USC Students for Justice in Palestine

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EI: “‘A political prosecution’: inside the trial of Rasmea Odeh”

Posted by uscsjp on November 10, 2014

“The Rasmea [Odeh] Defense Committee has asserted that the US attorney’s prosecution of Rasmea is a political prosecution — it’s because Rasmea is this iconic and legendary Palestinian figure,” reporter and contributor to The Electronic Intifada Charlotte Silver said on Friday from Detroit after the week-long trial of Palestinian American human rights activist Rasmea Odeh concluded. Jurors have begun deliberation.

Odeh was indicted last year “for allegedly giving false answers on her application for citizenship, which she was granted in 2004. The four questions she is alleged to have answered falsely inquired about her criminal record,” Silver reports.

“You have to really think about the fact that the Detroit US attorney’s office [has] been working for four years with the Department of Homeland Security to build this case against Rasmea Odeh,” she told The Electronic Intifada on Friday.

Silver has been reporting each day from the week-long trial in Detroit for The Electronic Intifada and other media outlets.

Verdict expected on Monday

In her latest report, published on Saturday, Silver writes that “After a week in court, the last day brought some relief to Odeh and her lawyers, who have been preparing for this trial for a year.”

Silver added in her report that “Before the jury entered Judge Gershwin A. Drain’s Detroit courtroom on Friday morning, Odeh’s lead attorney Michael Deutsch asked the court to have a directed verdict of not guilty; this was was denied by Drain. A directed verdict is when a presiding judge decides that no reasonable jury could arrive at a guilty verdict.

“For the last week, her defense team has stoutly contested the allegation that Odeh ‘knowingly’ answered falsely, arguing instead that her brother first filled out her application for a visa in 1995 and that she misinterpreted the questions on her application for citizenship in 2004.”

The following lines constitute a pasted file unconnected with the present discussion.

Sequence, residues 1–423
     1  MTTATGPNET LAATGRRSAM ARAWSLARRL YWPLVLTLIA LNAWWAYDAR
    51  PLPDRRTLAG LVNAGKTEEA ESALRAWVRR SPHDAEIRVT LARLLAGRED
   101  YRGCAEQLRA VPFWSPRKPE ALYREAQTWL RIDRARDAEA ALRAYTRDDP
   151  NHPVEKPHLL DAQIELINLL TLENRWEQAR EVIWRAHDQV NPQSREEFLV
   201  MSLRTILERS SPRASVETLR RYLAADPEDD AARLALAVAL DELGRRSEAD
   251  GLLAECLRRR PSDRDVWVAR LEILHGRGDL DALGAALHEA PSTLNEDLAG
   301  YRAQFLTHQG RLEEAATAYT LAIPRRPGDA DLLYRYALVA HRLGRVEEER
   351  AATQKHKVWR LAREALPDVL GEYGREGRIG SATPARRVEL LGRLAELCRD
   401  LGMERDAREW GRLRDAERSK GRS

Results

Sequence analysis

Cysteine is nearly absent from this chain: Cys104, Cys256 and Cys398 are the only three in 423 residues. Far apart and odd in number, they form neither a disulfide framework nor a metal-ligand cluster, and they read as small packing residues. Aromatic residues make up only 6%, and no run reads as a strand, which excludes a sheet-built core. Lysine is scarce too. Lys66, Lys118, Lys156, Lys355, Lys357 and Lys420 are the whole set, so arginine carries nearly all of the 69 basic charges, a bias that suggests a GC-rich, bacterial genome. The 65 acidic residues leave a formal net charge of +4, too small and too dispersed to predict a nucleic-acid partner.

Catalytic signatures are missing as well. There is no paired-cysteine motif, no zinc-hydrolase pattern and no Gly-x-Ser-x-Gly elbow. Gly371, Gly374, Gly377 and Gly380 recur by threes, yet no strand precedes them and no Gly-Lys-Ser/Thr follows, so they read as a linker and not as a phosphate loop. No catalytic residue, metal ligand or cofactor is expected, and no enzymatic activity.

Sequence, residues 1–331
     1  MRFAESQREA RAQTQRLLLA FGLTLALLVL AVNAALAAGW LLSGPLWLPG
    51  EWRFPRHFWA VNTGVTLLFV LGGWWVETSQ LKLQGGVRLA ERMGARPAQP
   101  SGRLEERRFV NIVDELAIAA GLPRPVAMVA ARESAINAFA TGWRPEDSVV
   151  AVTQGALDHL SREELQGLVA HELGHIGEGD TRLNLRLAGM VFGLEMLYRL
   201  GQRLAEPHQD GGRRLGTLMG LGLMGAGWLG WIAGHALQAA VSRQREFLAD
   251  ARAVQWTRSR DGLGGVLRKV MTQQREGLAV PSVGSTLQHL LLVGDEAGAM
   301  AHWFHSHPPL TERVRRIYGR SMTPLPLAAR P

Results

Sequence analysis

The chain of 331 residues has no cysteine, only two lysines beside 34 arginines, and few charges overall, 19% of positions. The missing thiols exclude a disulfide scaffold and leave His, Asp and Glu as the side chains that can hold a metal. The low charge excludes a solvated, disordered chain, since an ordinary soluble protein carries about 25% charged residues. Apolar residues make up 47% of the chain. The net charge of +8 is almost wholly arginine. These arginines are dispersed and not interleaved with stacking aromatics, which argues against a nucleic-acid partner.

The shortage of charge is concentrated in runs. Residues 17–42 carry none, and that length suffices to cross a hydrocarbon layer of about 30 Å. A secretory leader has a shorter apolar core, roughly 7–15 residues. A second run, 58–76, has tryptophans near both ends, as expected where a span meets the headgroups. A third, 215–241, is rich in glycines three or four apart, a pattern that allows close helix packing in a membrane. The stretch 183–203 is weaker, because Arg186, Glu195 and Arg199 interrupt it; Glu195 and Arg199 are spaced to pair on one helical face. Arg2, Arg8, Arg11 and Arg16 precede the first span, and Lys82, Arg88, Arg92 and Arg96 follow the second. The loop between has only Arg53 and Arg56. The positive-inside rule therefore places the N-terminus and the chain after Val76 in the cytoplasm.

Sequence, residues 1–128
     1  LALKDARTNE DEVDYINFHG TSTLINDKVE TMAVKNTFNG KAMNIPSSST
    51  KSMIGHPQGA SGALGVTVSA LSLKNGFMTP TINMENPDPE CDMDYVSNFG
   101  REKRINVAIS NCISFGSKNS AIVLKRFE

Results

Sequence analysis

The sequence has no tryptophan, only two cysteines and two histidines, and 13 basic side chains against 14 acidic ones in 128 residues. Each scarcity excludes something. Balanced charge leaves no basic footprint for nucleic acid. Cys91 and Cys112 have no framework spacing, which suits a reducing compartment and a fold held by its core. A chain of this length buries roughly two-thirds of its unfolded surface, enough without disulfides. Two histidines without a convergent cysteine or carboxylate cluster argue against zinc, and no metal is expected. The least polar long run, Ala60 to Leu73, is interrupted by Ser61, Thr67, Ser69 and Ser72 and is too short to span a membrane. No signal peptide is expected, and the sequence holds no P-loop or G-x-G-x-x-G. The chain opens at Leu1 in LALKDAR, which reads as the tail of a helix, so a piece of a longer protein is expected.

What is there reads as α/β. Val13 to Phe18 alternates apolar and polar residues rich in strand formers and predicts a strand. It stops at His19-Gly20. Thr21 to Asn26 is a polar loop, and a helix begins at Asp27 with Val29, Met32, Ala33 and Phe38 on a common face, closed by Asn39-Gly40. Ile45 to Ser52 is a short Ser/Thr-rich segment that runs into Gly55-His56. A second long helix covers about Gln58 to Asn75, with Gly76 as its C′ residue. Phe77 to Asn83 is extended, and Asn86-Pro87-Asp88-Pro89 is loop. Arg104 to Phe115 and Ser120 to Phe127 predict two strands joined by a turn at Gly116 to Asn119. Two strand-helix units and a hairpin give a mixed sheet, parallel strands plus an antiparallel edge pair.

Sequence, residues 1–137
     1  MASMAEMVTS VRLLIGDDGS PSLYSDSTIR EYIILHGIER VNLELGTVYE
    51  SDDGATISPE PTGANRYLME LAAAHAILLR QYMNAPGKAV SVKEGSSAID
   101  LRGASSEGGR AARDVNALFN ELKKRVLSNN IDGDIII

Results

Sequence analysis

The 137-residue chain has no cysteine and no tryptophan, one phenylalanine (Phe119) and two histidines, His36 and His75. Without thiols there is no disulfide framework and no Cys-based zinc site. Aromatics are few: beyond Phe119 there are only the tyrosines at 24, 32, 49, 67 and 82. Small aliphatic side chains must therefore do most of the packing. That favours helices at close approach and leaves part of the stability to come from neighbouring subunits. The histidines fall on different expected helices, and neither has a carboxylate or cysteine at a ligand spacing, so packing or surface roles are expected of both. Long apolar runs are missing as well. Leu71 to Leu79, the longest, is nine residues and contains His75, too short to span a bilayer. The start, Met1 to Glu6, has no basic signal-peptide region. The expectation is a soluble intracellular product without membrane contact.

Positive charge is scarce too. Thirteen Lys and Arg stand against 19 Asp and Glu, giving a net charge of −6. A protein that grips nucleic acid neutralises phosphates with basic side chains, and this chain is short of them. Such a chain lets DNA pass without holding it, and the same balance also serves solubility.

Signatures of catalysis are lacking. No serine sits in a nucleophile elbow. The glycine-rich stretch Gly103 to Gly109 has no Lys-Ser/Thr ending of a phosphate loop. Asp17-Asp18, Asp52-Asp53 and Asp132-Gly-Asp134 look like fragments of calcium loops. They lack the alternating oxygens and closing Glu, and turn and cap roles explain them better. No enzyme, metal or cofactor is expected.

The jurors are expected to return a verdict on Monday.

Listen to the interview via the media player above, or read the following transcript.

“Peoples’ hopes are high”

Charlotte Silver: What the trial has been focused on is Rasmea’s immigration applications — her visa application that she filed in 1995 and her application for naturalization that she filed for nine years later, in 2004. The judge has made the parameters of the case extremely narrow, so really the jury is just supposed to look at her application, look at the four questions she’s alleged to have answered falsely, and determine if she knowingly answered them falsely.

So whereas before, the defense had a very extensive argument to make in Rasmea’s defense as for why those four questions were answered the way they were, they’ve had to really focus on proving that Rasmea Odeh’s interpretations of those questions — or the questions as they’re written — are ambiguously written. So it’s been very focused on that.

The prosecutor, the US government, has brought into court nearly 100 Israeli documents that were used to convict Rasmea Odeh in 1969 of participating in two bombings, a series of bombings in Jerusalem — one which resulted in the death of two people.

Rasmea Odeh was convicted of this charge after enduring 25 days of torture by Israeli security, and this has been documented several times over the course of the last 45 years. She gave a testimony in Geneva about this torture, she has spoken to various media outlets, to various human rights organizations about the torture she endured, and again she told a clinical psychologist, Mary Fabri, who’s based in Chicago, has worked with torture victims for over thirty years, told how she was tortured in 1969 to Mary Fabri, and none of that is being allowed into the trial.